• Add a function to build the test suite: Not many packages support cross-compilation of their test suites. Consequently, you usually need to add a cross-compilation function to the package.

    Many packages based on Automake compile and run the test suite by using a single command such as make check. However, the host make check builds and runs on the same computer, while cross-compiling requires that the package is built on the host but executed for the target architecture (though often, as in the case for ptest, the execution occurs on the host). The built version of Automake that ships with the Yocto Project includes a patch that separates building and execution. Consequently, packages that use the unaltered, patched version of make check automatically cross-compiles.

    Regardless, you still must add a do_compile_ptest function to build the test suite. Add a function similar to the following to your recipe:

    do_compile_ptest() {
        oe_runmake buildtest-TESTS
  • Ensure special configurations are set: If the package requires special configurations prior to compiling the test code, you must insert a do_configure_ptest function into the recipe.

  • Install the test suite: The ptest class automatically copies the file run-ptest to the target and then runs make install-ptest to run the tests. If this is not enough, you need to create a do_install_ptest function and make sure it gets called after the “make install-ptest” completes.

25.7 Creating Node Package Manager (NPM) Packages

NPM is a package manager for the JavaScript programming language. The Yocto Project supports the NPM fetcher. You can use this fetcher in combination with devtool to create recipes that produce NPM packages.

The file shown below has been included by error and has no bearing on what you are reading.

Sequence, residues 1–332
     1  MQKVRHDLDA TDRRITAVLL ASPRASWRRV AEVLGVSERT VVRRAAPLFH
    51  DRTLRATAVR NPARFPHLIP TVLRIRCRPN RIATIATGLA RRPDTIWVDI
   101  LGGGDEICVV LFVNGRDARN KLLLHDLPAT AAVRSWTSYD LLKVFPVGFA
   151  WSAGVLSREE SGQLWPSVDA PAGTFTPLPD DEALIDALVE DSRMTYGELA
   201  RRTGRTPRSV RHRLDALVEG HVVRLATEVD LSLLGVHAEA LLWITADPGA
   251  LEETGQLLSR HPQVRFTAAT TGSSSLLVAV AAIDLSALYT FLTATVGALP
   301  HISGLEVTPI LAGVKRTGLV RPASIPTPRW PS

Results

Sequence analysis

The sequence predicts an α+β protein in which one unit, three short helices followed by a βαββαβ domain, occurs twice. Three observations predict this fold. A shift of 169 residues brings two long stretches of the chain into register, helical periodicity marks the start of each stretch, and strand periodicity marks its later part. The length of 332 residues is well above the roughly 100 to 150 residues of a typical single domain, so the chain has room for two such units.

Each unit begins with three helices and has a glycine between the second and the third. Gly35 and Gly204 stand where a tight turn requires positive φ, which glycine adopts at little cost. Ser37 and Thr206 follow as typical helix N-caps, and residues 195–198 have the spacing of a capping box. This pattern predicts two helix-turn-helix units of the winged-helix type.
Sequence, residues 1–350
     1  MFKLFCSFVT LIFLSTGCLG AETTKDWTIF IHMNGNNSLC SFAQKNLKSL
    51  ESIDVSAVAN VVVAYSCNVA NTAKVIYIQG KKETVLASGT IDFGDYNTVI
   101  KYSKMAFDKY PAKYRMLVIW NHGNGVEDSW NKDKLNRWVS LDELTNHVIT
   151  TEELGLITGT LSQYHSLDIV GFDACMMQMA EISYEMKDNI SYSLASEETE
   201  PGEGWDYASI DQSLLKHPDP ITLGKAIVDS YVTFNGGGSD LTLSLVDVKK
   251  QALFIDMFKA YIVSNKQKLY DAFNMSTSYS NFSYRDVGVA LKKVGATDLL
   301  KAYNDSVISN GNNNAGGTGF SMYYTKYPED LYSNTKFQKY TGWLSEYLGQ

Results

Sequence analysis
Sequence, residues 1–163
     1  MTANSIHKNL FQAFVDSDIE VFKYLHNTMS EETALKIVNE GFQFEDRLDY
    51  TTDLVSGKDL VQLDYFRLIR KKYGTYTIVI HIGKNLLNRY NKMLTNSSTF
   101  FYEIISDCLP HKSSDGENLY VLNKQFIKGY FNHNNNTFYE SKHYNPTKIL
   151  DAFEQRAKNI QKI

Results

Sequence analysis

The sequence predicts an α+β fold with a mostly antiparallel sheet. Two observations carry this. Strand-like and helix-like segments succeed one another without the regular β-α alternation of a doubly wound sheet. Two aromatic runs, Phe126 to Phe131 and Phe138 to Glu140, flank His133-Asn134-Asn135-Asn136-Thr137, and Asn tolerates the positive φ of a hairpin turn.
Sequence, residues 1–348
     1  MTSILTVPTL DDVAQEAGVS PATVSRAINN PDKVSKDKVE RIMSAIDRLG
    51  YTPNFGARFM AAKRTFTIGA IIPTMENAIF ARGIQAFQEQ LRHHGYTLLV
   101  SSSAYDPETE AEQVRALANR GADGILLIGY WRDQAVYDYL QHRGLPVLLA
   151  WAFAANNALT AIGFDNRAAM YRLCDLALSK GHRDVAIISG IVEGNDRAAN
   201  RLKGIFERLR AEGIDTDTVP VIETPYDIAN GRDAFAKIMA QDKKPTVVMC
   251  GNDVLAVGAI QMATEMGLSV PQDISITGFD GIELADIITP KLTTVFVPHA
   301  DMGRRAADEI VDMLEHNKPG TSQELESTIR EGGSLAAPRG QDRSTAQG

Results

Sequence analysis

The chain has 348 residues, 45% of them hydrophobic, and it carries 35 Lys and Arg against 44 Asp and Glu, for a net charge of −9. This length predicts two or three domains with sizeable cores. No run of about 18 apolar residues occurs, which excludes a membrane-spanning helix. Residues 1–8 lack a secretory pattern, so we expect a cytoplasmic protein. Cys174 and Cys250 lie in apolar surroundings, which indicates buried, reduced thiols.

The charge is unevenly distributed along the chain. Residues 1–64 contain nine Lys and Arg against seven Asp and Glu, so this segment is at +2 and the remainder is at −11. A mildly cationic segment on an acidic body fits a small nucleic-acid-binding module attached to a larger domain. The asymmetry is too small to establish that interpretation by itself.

There are two workflows that allow you to create NPM packages using devtool: the NPM registry modules method and the NPM project code method.


While it is possible to create NPM recipes manually, using devtool is far simpler.

Additionally, some requirements and caveats exist.

25.7.1 Requirements and Caveats

You need to be aware of the following before using devtool to create NPM packages:

  • Of the two methods that you can use devtool to create NPM packages, the registry approach is slightly simpler. However, you might consider the project approach because you do not have to publish your module in the NPM registry, which is NPM’s public registry.

  • Be familiar with devtool.

  • The NPM host tools need the native nodejs-npm package, which is part of the OpenEmbedded environment. You need to get the package by cloning the meta-openembedded repository. Be sure to add the path to your local copy to your bblayers.conf file.

  • devtool cannot detect native libraries in module dependencies. Consequently, you must manually add packages to your recipe.

  • While deploying NPM packages, devtool cannot determine which dependent packages are missing on the target (e.g. the node runtime nodejs). Consequently, you need to find out what files are missing and be sure they are on the target.